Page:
There are other people with whom I’d prefer to demonstrate. But we must also see that because of the militaristic role of the SPD and Greens that there are many people in their circle who are not against the delivery of weapons.

People reject the delivery of weapons and the escalation process for many different reasons. I think we must take the divisions in society forward productively, even if we have little in common with some of our partners.

I’m one of the hardest critics of Alice Schwarzer’s position on Islam and the head scarf. She fuels prejudice against Muslims, for example when she demands that only women and children should be allowed as refugees from Afghanistan, but no men.

But just because I demonstrate with her against the delivery of weapons and the danger of escalation, that does not mean that I agree with any of her other positions.

What about Erich Vad?

Erich Vad is not an anti-militarist. Quite the opposite. He stands for a European imperialism under German leadership which is independent from the USA. This brings him partly into conflict with the politics of the German government, which tries to implement the interests of German and European Capital in a different way,

Erich Vad bemoans the insufficient operational readiness of the German army. This leads him to fight “structural pacifism” of Germans since the experiences of the Second World War and the deployment of the German army in Afghanistan.

I reject all this. But it hurts German imperialism when one of their own criticizes the current politics. We can use this if we don’t sweep his position under the carpet. His assessment of the war, which is informed by his militaristic view, is interesting and helps us understand the conflict situation.

By the way, the peace movement always had soldiers in their ranks who were not anti-militarists, but who expressed the contradictions of ruling politics.

In 2003, Vad had an article published in the neo-Right publication “Sezession”

That is right, even if he declared in 2010 that he wouldn’t do it again. But it is clear that Vad belongs to the right wing conservative wing of the German military. Like many in the CDU, he has held culturally racist and anti-migration positions.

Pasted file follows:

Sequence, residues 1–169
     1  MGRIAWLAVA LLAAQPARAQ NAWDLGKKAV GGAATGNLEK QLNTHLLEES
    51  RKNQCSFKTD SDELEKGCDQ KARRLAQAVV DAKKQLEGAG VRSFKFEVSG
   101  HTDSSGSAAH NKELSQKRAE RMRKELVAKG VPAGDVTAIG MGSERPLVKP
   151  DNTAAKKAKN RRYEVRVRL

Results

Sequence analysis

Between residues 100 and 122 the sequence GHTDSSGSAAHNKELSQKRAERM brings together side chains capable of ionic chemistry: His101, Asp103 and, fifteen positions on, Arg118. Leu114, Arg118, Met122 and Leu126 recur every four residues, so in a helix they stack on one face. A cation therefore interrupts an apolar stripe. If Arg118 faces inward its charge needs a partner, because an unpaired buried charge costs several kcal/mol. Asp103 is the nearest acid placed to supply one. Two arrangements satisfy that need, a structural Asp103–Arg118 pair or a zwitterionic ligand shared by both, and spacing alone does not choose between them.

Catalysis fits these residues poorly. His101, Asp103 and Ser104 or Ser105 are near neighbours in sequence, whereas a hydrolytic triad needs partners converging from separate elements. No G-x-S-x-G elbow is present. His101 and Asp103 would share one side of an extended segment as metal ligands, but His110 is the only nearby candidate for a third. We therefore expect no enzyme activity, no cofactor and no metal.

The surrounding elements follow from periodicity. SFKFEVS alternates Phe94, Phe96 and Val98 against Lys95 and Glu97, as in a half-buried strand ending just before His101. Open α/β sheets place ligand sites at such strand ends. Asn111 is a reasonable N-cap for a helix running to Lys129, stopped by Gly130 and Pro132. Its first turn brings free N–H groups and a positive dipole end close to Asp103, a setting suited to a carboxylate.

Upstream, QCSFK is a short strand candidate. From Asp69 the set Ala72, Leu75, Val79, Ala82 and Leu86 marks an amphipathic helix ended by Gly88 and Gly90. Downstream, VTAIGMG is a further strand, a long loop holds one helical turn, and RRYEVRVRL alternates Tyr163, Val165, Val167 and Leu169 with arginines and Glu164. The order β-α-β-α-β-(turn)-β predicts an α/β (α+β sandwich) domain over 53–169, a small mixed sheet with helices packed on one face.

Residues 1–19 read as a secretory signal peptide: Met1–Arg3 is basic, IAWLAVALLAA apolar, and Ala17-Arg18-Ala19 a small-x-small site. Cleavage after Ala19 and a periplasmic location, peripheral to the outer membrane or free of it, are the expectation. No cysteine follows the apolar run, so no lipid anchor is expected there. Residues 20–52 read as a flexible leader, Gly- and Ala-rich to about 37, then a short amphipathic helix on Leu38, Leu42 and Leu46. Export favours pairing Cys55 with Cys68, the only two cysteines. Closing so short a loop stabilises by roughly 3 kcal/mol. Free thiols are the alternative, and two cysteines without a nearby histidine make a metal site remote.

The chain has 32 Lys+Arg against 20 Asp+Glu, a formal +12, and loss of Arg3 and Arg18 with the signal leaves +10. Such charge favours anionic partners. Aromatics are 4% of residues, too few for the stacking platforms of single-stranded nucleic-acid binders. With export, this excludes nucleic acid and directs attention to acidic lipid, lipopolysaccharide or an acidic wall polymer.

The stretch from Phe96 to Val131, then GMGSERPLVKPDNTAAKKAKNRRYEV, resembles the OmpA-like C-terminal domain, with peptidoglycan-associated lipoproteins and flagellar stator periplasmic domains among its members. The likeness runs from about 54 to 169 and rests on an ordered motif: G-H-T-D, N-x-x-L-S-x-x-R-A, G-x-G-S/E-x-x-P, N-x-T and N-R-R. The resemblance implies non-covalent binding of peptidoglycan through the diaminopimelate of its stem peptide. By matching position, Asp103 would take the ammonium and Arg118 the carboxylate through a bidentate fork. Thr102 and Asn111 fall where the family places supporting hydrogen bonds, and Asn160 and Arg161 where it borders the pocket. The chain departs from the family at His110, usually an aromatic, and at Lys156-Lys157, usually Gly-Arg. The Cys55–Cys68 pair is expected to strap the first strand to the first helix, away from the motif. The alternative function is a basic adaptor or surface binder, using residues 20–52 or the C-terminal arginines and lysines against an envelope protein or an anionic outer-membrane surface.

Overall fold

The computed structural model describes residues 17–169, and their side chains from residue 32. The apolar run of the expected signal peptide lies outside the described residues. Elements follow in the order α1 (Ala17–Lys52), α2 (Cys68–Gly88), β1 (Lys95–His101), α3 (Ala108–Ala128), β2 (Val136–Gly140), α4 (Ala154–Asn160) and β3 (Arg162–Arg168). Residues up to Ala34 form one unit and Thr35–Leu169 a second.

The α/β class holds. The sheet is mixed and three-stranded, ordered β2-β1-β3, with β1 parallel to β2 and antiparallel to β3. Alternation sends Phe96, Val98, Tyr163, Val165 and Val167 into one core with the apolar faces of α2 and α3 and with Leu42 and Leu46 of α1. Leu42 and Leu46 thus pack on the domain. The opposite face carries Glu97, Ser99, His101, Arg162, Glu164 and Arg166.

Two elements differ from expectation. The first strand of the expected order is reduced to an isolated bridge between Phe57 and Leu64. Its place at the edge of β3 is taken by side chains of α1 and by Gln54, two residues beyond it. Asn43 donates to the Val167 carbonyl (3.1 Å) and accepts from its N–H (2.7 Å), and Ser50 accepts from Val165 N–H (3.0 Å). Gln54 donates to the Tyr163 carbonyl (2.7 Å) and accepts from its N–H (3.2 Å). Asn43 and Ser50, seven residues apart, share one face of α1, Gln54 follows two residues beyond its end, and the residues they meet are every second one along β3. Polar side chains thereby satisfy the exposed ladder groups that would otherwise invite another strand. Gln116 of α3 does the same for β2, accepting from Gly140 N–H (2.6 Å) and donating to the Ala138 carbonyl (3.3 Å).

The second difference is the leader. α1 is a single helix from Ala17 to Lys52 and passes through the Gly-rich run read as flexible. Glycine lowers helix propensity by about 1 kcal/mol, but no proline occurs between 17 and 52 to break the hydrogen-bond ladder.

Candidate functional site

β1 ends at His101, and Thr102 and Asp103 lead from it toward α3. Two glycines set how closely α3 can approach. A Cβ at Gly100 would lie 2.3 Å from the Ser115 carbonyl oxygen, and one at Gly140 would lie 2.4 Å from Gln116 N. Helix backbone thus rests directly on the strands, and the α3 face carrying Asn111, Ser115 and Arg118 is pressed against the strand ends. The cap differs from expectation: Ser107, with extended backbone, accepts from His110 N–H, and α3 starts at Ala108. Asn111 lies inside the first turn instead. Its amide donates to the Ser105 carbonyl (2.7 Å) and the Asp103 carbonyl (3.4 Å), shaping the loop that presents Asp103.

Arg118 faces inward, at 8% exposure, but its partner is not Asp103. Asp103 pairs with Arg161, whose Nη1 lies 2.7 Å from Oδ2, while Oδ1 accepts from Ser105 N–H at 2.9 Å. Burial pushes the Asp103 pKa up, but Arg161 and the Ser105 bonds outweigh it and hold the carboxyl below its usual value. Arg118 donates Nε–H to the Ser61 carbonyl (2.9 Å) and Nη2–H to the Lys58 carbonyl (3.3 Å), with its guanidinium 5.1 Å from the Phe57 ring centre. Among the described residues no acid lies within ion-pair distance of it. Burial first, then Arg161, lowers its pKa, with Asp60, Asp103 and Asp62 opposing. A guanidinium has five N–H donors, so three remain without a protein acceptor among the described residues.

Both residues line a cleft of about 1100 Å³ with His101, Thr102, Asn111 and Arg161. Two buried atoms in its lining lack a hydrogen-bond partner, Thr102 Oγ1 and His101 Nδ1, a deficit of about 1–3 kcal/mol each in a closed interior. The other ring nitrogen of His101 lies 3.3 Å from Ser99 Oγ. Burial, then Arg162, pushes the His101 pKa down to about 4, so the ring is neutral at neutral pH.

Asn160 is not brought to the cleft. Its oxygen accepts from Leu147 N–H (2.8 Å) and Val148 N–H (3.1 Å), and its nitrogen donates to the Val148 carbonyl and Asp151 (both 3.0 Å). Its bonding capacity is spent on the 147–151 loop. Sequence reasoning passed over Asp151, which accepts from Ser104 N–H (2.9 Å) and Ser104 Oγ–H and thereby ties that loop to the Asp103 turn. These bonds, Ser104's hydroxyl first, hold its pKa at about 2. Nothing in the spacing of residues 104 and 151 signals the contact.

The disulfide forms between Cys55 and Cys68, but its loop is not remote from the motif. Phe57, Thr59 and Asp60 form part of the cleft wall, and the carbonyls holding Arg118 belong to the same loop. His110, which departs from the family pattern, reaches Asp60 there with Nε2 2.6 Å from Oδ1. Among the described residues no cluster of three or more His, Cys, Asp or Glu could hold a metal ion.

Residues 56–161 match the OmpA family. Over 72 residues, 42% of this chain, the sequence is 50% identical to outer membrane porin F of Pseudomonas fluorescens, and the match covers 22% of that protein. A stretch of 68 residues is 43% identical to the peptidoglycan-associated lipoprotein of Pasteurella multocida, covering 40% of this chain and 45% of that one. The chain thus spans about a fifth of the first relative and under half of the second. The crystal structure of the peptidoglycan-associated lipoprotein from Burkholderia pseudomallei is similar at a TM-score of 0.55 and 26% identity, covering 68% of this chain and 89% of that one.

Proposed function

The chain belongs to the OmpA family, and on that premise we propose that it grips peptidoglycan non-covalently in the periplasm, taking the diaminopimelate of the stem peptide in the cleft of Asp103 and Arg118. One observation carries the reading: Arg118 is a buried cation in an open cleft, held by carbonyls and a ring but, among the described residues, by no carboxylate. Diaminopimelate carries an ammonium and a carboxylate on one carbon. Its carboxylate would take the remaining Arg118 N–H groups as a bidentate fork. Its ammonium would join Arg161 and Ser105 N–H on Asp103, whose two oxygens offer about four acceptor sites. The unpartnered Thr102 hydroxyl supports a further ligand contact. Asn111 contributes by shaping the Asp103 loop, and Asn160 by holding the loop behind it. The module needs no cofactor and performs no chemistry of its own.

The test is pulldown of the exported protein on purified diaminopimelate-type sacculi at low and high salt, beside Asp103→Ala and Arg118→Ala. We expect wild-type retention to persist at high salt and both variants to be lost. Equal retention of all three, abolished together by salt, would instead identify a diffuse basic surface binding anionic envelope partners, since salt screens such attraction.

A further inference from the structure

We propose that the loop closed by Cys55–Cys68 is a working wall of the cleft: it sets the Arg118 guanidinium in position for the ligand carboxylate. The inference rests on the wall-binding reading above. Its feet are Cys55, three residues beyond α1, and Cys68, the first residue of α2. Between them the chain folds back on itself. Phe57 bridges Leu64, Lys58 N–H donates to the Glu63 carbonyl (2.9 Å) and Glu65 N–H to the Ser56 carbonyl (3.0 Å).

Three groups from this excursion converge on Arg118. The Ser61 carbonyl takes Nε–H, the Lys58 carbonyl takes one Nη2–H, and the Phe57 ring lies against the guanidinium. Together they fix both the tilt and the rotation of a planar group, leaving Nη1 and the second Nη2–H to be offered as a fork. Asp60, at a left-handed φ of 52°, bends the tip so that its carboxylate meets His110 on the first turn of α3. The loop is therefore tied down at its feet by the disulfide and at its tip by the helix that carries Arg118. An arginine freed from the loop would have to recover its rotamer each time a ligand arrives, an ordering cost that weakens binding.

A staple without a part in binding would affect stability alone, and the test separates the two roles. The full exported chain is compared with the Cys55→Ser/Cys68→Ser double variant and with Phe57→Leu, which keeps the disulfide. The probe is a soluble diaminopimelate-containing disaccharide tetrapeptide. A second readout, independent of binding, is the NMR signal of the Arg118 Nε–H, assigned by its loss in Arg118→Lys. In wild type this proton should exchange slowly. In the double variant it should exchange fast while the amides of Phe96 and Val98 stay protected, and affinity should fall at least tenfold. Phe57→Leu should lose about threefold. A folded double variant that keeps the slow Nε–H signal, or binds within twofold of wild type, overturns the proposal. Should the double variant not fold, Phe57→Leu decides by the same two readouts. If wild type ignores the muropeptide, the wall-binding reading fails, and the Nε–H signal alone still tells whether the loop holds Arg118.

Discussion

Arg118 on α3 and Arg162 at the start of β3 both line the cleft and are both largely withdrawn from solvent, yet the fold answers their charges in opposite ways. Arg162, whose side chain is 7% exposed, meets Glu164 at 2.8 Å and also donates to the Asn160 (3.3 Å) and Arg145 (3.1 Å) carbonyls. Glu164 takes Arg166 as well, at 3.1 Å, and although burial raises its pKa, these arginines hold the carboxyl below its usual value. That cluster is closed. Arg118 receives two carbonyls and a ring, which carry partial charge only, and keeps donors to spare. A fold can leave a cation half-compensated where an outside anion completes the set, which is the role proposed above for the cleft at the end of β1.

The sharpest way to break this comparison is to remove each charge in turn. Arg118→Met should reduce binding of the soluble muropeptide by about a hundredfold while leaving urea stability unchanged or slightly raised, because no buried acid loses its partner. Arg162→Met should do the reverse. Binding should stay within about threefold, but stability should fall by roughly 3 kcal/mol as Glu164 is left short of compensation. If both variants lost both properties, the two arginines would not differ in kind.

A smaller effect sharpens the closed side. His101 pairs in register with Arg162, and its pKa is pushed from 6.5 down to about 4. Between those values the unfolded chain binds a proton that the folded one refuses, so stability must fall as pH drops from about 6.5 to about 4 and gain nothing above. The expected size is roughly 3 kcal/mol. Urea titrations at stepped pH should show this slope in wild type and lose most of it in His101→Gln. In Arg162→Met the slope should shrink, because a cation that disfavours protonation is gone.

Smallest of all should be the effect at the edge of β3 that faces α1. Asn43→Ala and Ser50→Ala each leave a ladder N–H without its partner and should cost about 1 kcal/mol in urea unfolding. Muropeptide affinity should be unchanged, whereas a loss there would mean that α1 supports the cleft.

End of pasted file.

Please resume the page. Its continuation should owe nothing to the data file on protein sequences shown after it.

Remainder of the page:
But one thing is important: unlike other right-wing soldiers, he has not gone over to the AfD in recent years. This is why I find it defensible to take part in a rally at which Erich Vad is speaking.

If we make the rally large, will Sahra Wagenknecht just use this?

The success of the call is partly because die LINKE and the different parts of the peace movement responded inadequately to the demands brought by war. A vacuum emerged, which Wagenknecht and Schwarzer have filled.

I see it differently to your question. If the Left – inside and outside the party – is not present, and not intervening with our own materials, we don’t just take ourselves out of the debate, we also fail to build an alternative to the established.

Sahra Wagenknecht expresses justified criticisms of the escalation spiral from the delivery of weapons and sanctions. We are in agreement on this point. At the same time, I do not want to adopt her parochial nationalistic positions on the German economy or her concessions to the right wing, for example on the question of migration.

Is it possible, that a new Querfront [translator: German term meaning an alliance of the left and far right] will emerge?

There are right wing forces, like Compact magazine from [Jürgen] Elsässer and others, who want to build the extreme right through such Querfronten. We have the experience of the large demonstration in Prague, at which both Leftists and the extreme right wing took part. And also part of die LINKE is open for alliances with the right.